Furthermore, intraoperative neurophysiological monitoring using electromyography was applied to confirm neurologic changes perioperatively. A longitudinal incision was made 2 inches anterior from the L2 disc space level. This was carried down to the subcutaneous level, and muscle dissection was performed to identify the peritoneum. The external oblique, internal oblique, and transverse abdominal muscles were identified and split along the muscle lining. After identifying the peritoneum, blunt dissection was performed down to the retroperitoneal space using a sponge stick, as shown in Figure 2 B. The tumor was identified, and a surgical microscope was used to visualize the tumor which was located anterior to the psoas muscle. It was well-defined, with greyish-white color, solid, and hard to move. Once the safety margins were defined using a stimulator probe, the capsule was incised and removed using the piecemeal method. Meticulous bleeding control and careful retraction were also conducted during the debulking when the right common iliac vein was injured and repaired by the vascular surgeon. The base of the tumor was discovered at the L5-S1 intervertebral foramen and was suspected to be originating from the nerve sheath of the L5 nerve root.

Additionally, the tumor also infiltrated part of the L5 vertebral body, and it was excised. It was confirmed that no residual was left at the surgery site. Electrocauterization was performed to control bleeding, and suturing was performed by anatomical layer. Finally, the total blood loss during the surgery was 500 cc.

Follow-up and outcomes: following the surgical procedure, the patient was admitted to the Intensive Care Unit (ICU). A blood transfusion, consisting of one bag of packed red cells, was administered due to blood loss during surgery and a hemoglobin level of 7 g/dL. The patient was monitored for 24 hours before being transferred to the surgical ward upon removal of the ureteric stent on the second postoperative day. There was no evidence of venous thrombosis, neurological deficit, or other complications.

A consultation was conducted with a medical rehabilitation specialist for physiotherapy and exercise to aid in the patient's mobilization. Finally, the patient was discharged a week after the surgery.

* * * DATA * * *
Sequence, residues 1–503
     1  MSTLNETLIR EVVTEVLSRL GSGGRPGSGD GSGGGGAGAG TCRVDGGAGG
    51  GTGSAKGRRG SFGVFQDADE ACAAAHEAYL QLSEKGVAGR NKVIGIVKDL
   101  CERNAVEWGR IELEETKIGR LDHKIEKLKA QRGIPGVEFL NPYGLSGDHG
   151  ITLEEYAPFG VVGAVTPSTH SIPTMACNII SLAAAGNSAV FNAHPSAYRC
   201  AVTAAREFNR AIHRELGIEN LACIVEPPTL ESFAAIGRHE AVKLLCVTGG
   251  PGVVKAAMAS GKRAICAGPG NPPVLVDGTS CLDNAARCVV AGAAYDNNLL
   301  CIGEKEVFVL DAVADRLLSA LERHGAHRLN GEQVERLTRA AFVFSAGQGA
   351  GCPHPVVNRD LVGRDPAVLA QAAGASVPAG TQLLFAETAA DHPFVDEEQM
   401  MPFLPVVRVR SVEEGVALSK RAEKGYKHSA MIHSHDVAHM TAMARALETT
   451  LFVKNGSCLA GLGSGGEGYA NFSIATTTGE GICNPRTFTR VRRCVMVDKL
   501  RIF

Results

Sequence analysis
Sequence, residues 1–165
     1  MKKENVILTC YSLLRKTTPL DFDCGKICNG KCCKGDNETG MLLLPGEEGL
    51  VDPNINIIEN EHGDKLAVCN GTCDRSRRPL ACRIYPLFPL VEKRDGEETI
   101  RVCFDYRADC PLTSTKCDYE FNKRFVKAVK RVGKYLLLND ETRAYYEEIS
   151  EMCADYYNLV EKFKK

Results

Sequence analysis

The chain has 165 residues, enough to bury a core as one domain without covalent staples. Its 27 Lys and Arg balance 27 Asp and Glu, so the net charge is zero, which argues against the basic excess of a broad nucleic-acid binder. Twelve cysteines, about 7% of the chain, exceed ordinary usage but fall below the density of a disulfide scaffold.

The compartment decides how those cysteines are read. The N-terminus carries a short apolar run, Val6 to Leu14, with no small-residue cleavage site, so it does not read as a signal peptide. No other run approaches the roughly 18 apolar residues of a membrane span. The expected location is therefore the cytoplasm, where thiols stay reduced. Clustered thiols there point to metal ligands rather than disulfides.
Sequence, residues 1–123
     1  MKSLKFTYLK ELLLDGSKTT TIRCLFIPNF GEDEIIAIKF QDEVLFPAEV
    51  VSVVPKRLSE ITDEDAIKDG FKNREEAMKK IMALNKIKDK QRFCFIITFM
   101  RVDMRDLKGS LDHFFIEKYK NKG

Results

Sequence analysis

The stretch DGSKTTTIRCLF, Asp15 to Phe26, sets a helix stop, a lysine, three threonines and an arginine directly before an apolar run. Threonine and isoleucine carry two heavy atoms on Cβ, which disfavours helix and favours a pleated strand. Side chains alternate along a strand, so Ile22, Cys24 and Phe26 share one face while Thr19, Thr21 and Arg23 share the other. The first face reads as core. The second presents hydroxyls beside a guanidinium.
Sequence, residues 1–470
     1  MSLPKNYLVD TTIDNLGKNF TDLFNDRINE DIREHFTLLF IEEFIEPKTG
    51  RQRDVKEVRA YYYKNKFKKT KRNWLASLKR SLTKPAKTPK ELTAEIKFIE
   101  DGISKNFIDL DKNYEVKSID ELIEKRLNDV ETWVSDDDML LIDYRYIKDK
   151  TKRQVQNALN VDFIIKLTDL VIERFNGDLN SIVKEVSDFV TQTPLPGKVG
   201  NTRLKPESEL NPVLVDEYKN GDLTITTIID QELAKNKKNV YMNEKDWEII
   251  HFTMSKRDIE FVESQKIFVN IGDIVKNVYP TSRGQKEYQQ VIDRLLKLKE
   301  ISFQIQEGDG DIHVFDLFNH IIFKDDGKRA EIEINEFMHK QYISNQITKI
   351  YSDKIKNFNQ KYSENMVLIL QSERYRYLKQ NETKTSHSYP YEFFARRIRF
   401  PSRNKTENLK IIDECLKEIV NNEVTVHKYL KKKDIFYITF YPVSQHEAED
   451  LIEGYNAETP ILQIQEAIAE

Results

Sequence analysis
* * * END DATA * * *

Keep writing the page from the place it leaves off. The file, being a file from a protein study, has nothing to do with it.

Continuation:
Macroscopically, the tumor appeared as a greyish-white mass with a solid-soft consistency. The microscopic examination showed rounded, oval, and spindle cells arranged in a hyperplastic and compact manner, with hypercellular (Antoni A) and hypocellular (Antoni B) areas. Antoni A area was characterized by the presence of Verocay bodies. The tumor cells exhibited eosinophilic cytoplasm, with no evidence of nuclear atypia or mitotic activity. The results followed the characteristics of a benign schwannoma tumor, as depicted in Figure 3.

Based on the pathology examination, the patient was diagnosed with a giant lumbar schwannoma (WHO Grade 1). Furthermore, the Sun and Pamir Classification were utilized to stage the surgical procedure, determining that it was a Group C Type IV tumor, as it was extradural and exceeded 4 cm3 in size.

The patient was monitored through outpatient visits. One-week post-surgery, the pain scale measured by the VAS was reported as 1. A Lumbar MRI was scheduled three months after the surgery, which revealed the absence of any enhancing tumor lesions. Therefore, it was suggested to conduct annual follow-up evaluations to monitor for the recurrence of the tumor.

Patient perspective: the patient experienced a favorable clinical progression and reported improvement in their symptoms. No complications were reported following the surgery. Furthermore, the patient expressed a high level of satisfaction with the treatment received.

Informed consent: the patient provided written informed consent to participate in the study.



Discussion Up    Down

Schwannomas are benign tumors that develop from the nerve sheath [2]. Due to their slow growth and the spaciousness of the retroperitoneal lumbar area, they often go unnoticed in their early stage. Furthermore, the symptoms only arise once the tumor causes compression to the nerve root or nearby structures [2]. Intradural spinal schwannomas are more likely to present myelopathic symptoms, while extradural schwannomas usually cause radicular symptoms [3]. The signs of nerve root schwannomas include pain, paresthesia, and numbness in the affected area [3]. In this case, the patient experienced radicular pain due to compression of the L5 nerve root.

MRI is a crucial tool in diagnosing spinal tumors, as it provides a comprehensive evaluation of the tumor's size, origin, and surrounding anatomy. In this case, it was particularly important due to the size and location of the schwannoma. Preoperative radiological evaluation is beneficial for determining the appropriate surgical approach and ensuring a successful outcome. MRI scans of schwannomas showed central and peripheral areas of high and low intensities on T1-weighted images, while T2-weighted images present the opposite pattern. Additional contributions to the investigation can be gained through MRI of the sciatic nerve and Computed Tomography (CT scans) of the spine [4].

Consultation with other surgical departments was deemed necessary due to the location and size of the tumor. A general surgeon and a urologist were consulted, with expertise in retroperitoneal exploration and surrounding anatomical structures. Additionally, a vascular surgeon was consulted in light of the tumor's proximity to the iliac vessels to address potential vascular injuries.